The right move? Darlington FC

In the second edition of 'The Right Move' feature, Tom Hardwick looks at the stadium swap that nearly destroyed Darlington FC.

Tom Hardwick
26th November 2018
Image- Wikimedia Commons

Darlington FC is one of many clubs in the North East that, whilst not being steeped in success, has a rich history and has been embedded in the community for 100’s of years. However, when Darlington made the move from their home of Feethams to the Darlington Arena in 2003, a set of events were set in motion that, but for the dedication and resilience of a section of fans, would have seen the club ripped away from the community.

When George Reynolds assumed control of the club in 1999, he decided that, in order for the club to move forward, Feethams would have to be left behind. The old ground was in need of repair and modernisation, and these mounting costs were unwelcome for what was by no means a wealthy club. Worryingly, Reynolds had no desire to establish a sustainable plan for modernisation, or develop a sensibly sized and financed new ground.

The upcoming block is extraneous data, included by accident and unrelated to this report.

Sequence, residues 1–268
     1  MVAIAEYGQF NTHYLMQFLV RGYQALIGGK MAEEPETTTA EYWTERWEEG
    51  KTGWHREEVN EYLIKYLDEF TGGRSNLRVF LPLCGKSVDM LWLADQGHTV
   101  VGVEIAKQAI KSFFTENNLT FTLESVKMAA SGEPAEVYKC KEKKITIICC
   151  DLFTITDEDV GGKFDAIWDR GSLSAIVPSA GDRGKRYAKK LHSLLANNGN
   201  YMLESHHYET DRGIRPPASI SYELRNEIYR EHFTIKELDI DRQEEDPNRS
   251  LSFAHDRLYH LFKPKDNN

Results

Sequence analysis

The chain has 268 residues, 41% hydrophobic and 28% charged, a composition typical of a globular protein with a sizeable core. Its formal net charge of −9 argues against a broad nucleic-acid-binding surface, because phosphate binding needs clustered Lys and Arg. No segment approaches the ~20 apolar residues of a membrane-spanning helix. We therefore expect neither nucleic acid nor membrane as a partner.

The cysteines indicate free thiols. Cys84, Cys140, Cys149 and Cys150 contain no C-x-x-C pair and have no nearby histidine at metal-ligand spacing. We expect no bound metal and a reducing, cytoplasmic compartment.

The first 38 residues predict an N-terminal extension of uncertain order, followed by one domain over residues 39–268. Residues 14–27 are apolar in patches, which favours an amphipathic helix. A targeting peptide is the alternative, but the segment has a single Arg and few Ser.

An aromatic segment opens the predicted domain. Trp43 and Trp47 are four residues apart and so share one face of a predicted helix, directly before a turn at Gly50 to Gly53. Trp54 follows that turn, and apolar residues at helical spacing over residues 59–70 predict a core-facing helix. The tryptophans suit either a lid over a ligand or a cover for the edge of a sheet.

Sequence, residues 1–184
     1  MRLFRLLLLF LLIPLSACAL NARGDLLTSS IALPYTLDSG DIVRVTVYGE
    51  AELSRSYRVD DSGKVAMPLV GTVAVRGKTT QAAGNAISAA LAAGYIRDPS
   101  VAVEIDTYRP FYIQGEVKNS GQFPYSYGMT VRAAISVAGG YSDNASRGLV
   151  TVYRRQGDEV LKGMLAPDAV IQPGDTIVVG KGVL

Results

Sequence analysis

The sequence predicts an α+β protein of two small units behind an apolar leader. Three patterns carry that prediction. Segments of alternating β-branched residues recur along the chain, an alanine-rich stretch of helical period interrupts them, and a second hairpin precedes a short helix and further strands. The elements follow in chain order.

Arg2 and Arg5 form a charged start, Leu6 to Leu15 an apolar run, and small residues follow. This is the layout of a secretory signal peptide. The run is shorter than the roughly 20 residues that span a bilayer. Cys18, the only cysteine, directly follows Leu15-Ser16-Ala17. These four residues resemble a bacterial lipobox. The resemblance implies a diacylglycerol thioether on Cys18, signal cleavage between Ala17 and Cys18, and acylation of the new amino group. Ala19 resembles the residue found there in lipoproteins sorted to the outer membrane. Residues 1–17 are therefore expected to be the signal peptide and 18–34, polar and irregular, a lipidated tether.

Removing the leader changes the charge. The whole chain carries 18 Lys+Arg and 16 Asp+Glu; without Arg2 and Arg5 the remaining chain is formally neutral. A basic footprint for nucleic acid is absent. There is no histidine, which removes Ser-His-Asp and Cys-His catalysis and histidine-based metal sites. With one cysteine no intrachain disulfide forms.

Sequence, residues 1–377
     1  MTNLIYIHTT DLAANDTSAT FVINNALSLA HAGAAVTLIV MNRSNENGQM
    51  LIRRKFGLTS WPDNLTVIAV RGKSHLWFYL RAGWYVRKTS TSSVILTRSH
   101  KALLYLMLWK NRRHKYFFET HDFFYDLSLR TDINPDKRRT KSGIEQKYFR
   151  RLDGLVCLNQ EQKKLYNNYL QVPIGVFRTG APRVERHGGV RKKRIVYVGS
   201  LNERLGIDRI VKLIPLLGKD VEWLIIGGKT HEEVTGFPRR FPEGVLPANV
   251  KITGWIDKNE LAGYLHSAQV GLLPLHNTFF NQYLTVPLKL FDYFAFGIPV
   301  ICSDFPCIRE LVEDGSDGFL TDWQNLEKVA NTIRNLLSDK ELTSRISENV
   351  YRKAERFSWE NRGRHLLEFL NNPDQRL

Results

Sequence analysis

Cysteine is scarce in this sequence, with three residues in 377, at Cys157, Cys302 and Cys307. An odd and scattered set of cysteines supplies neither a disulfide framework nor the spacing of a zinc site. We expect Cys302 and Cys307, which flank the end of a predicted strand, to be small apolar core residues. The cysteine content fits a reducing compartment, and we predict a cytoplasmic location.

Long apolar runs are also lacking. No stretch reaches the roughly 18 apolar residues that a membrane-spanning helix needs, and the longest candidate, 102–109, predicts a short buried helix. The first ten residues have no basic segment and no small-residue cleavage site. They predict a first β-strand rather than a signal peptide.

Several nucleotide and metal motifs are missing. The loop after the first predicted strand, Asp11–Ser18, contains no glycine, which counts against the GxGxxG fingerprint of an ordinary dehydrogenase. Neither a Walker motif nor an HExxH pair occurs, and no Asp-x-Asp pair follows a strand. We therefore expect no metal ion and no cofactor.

Instead, Reynolds embarked upon the £20 million construction of the Darlington Arena, a project that was financed with absurd high interest loans that a club of Darlington’s stature would struggle to repay. Reynolds envisioned that the new 25,000 seater stadium would help pave the way for progression to the Premier League, but the ground was an open wound that bled continually, nearly costing the club its life.

The ground was rarely filled with more than 2000 fans, and less than a year after Darlington moved into their new ground, the club was in administration. Over the next few years the club battled against these financial woes, but eventually succumbed to administration in 2012 amidst the chaos that Reynolds had caused. This owner had convinced himself that his Premier League pipe dream was a reality, and in pursuing it he doomed Darlington to play out the next 8 years in an outlandish, astronomically oversized ground with the threat of financial ruin looming as tall as the empty stands.

This story isn’t one of complete despair, as the fans formed a Phoenix club and the town set about reclaiming it’s football team. The new Darlington were placed into the ninth tier of English football, and in recent years have risen as far as the sixth tier. What is clear when considering the case of Darlington is that stadium moves not only dampen atmospheres and remove years of history that has seeped into terraces, but it can take a club to the precipice of very extinction.


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